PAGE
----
In practice, Smart Response does perform better than a conventional drive. But it's still significantly slower than a stand-alone SSD. So while Smart Response just about adds up with today's SSD pricing, it probably won't be too long before SSDs in the 60GB to 100GB range become affordable enough to make it redundant.
As it happens, Smart Response is also a little like Lucid's Virtu tech in so far as it's a software rather than hardware feature. But since Smart Response is a wholly owned Intel technology, it's not up to motherboard makers to decide which boards to bundle it with. Intel has decreed that it's reserved for Z68 boards regardless of the fact that it would work perfectly well with the existing P67, H67 and H61 chipsets.
All of which makes the Z68 a bit of a mixed bag. In simple hardware terms, it brings nothing new. It's effectively the same chipset as the H67. But courtesy of bringing P67's overclocking chops together with a little help from Lucid to get Quick Sync working properly, the Z68 is undoubtedly the best platform for Sandy Bridge chips.
It's the motherboard chipset Intel should have offered from the very beginning. Better late than never.
But what's the best Intel Sandy Bridge motherboard? We've put eight through their paces to find out.
Intel Z68 motherboard reviews
ASRock Z68 Extreme 4 - £120
ASRock has four Z68 boards in its mobo line-up from the all-singing, all-dancing flagship Fatal1ty Z68 Professional Gen3 to the quietly confident Z68 Pro3-M.
We've got two of ASRock's new boards based on this new chipset, the Z68 Pro3 and the fuller featured and newest edition to ASRock's extensive range of boards carrying the Extreme banner, the Z68 Extreme. This sits just under the Fatal1ty Z68 board in the family line-up.
Once everybody discovered the limitations of the Sandy Bridge's launch chipsets; namely the P67's lack of support for the new processor's integrated graphics but lots of overclocking potential and the H67's graphic support but no OC-ability, keen eyes were fixed on the Z68, the next enthusiast/mainstream 6 series chipset on Intel's roadmap.
The Z68 offers the best of both worlds with integrated graphics and overclocking support.
ASRock Z68 Pro3 - £95
ASRock has built up a reputation for building bullet-proof mobos with very competitive price tags and the Z68 Pro 3 certainly isn't a board to let the company down on either score.
It's a bit of a surprise to see a fairly well-featured, mainstream motherboard carrying the latest Intel technology for just over a hundred quid. In our bargain-hunting terms it definitely warrants further investigation. It's so well-priced that it's worth getting if you want a no-nonsense board to try out the Z68 chipset.
It's a board that's pretty hard to look beyond too; the overclocking support of the P67 merged with the integrated graphics support of the H67, Intel's Smart Response Technology (SRT) and Lucid's Virtu software are impressive. The bundled Virtu software lets you use Intel's impressive QuickSync video encoding technology even if you have a discrete graphics card in place, and includes some healthy power-saving functions too.
One look at the board shows you where ASRock has cut the Z68 Pro 3's feature set to get it to this price and its mainstream audience: there's only a single, solitary x16 PCI-e slot. Yes, no CrossFire or SLI support.
Asus RoG Maximus IV Extreme - £260
Should you see Foxconn's H61 as the Fiat 500 of this Sandy Bridge mobo group test then Asus's Maximus Extreme IV has to be the Bugatti Veyron. It's big, brash, crammed full of features and eyewateringly expensive. But then it also comes with blistering performance too.
To say the feature list of the Maximus IV Extreme is good is to do it a disservice. The list seems endless: dual channel DDR3 support up to 2,200MHz (OC), support for 3-way SLI and CrossFireX via four PCI-e slots, four SATA 6Gbps and four SATA 3Gbps and eight USB 3.0 ports on the rear panel – and that's just for starters.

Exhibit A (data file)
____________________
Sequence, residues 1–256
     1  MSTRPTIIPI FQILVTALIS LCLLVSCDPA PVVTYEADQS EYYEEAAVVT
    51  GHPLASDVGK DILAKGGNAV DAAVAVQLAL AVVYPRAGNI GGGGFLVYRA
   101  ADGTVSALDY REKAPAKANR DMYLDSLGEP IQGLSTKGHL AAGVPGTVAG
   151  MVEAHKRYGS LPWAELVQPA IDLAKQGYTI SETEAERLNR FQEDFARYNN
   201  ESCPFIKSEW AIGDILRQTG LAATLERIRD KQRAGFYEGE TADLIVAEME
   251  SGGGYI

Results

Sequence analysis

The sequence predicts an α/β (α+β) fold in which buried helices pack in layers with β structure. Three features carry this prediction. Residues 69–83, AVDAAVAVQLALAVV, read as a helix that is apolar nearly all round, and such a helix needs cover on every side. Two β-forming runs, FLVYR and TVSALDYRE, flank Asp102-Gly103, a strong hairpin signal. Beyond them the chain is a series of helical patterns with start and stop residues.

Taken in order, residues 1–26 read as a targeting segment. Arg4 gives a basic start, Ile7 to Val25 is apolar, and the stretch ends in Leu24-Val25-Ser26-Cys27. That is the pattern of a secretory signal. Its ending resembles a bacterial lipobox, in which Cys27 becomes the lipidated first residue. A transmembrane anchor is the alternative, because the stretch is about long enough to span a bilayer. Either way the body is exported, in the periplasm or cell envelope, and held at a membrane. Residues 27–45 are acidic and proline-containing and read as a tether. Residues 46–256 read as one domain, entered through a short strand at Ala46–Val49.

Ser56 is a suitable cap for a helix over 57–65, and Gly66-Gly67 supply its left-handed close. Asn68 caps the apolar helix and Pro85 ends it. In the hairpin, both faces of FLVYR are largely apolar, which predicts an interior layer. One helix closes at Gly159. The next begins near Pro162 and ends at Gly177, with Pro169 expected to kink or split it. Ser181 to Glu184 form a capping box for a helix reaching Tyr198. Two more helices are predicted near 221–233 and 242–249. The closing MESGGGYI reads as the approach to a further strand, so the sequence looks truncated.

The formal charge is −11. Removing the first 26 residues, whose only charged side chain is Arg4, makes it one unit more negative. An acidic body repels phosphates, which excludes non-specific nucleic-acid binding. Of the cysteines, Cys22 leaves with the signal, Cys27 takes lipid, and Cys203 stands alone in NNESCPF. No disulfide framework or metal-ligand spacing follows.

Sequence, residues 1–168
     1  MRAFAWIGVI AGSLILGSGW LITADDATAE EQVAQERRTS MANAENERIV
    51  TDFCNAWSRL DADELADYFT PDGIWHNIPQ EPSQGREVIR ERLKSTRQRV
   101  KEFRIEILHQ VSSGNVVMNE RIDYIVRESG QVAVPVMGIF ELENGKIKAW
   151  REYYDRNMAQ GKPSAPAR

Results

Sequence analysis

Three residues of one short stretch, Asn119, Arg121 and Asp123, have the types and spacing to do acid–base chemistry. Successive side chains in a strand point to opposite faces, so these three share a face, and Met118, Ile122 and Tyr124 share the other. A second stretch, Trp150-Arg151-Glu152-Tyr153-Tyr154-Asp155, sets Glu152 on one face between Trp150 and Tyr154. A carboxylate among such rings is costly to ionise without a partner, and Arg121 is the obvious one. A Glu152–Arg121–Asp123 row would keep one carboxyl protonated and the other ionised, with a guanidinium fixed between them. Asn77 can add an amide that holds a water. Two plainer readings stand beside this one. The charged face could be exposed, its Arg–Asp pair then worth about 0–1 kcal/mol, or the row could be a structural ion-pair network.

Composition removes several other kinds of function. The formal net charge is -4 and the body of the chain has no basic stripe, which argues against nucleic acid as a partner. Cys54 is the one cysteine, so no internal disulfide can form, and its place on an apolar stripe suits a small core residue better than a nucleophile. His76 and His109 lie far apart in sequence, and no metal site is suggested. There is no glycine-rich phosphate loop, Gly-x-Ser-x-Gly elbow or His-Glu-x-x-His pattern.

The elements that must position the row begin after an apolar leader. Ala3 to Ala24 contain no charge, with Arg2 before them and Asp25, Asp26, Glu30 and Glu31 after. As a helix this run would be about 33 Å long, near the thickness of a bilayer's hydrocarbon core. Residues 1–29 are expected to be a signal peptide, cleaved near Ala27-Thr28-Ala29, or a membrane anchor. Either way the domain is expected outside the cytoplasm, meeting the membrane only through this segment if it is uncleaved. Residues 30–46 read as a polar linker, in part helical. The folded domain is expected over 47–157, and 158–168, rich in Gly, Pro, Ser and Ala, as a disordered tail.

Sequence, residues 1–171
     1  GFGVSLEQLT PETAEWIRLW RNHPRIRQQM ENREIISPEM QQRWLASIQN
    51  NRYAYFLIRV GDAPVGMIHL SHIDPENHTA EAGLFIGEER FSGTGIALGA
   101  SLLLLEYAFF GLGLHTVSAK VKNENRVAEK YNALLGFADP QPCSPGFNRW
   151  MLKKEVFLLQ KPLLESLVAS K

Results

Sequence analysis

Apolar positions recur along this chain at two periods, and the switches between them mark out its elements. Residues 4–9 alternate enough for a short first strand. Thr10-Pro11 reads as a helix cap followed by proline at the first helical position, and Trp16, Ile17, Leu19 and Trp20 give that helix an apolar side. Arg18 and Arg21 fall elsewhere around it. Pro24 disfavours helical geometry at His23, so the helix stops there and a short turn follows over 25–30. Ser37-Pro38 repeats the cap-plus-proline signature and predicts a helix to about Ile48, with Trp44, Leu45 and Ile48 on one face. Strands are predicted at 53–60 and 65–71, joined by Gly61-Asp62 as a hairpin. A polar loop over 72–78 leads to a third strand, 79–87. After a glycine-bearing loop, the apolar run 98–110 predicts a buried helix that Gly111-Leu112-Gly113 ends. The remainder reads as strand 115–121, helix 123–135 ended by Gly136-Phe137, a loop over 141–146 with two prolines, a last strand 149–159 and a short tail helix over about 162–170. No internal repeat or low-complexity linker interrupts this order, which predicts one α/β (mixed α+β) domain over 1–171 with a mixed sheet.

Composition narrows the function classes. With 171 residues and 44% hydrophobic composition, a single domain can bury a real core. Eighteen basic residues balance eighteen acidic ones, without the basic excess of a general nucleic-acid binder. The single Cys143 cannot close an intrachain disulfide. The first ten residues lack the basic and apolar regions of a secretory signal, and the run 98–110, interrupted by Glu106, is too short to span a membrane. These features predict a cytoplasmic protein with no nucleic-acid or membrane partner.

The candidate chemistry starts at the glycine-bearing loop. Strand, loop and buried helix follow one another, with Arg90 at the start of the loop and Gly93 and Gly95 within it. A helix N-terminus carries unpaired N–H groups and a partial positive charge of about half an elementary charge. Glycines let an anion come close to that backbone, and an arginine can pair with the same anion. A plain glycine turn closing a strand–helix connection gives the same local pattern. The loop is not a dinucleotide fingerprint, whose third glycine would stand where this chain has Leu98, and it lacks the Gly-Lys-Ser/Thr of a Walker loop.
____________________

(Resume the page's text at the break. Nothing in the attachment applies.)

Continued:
You can run quad-SLI on this board if you fancy, but you'll have to pick up Asus' bizarre plug in daughter board.
Unfortunately, as the board uses the P67 chipset there's no way to access the integrated graphics of the Sandy Bridge processors but on the flip side it fully supports the overclocking capabilities of the K series Sandy Bridge CPU's. And that's what this board's all about: straight-line performance.
Asus P8Z68-V Pro - £147
One of the first Z68 boards to break cover was the P8Z68-V Pro and it's a typical Asus board, well-built and packed to the gills with features. Intel's Z68 is the missing link between the Integrated Graphics Processor (IGP) support of the H67 and the overclocking potential of the P67 chipsets, and is a neat hybrid of the two.
You'll still need a K series processor to do the overclocking bit, but you can now overclock and use Intel's rather good Quick Sync video encoding technology with a discrete GPU plugged in too.
It, therefore, seems a bit subdued of Asus to have only five board's based around the new chipset, with two of these being in the all-singing, all-dancing Republic Of Gamers family.
If you are familiar with Asus motherboard's you might be saying to yourself: "Hang on a minute, isn't that a P8P67 Pro?" Well, yes the boards are very similar in appearance but Asus has tweaked a few things here and there, and moved components around and bringing in new ones.
Foxconn H61MX - £56
At the top end of the Intel 6 series, Sandy Bridge-supporting, chipset range there's the mighty Z68 which powers some of the most powerful and expensive motherboards around, while at the other of the scale sits the lowly, value-oriented H61.
It may be low in performance and support less built-in features compared to its flashier siblings, but in the eyes of the mobo manufacturers it is the real star of the chipset line-up as it's pitched at the end of the market where boards are made cheaply and sold by the boat load.
The H61 is a seriously pared- and cutdown version of the H67 chipset. With only the elder-statesmen of interfaces on offer: SATA 3Gbps and USB 2.0 port support, it's an ideal low-cost platform for entry level PCs.
Foxconn's H61MX doesn't add many other features over what's supplied by the chipset, and what it has added looks like it's mostly looking to the corporate market rather than the home user.
This may explain why the board has the added cost of a header for a Trusted Platform Module (TPM) and a couple of straight PCI slots which need a third party controller (the chipset doesn't natively support PCI) rather than adding a couple more video outputs other than the VGA and DVI.
Gigabyte H67MA-UD2H - £95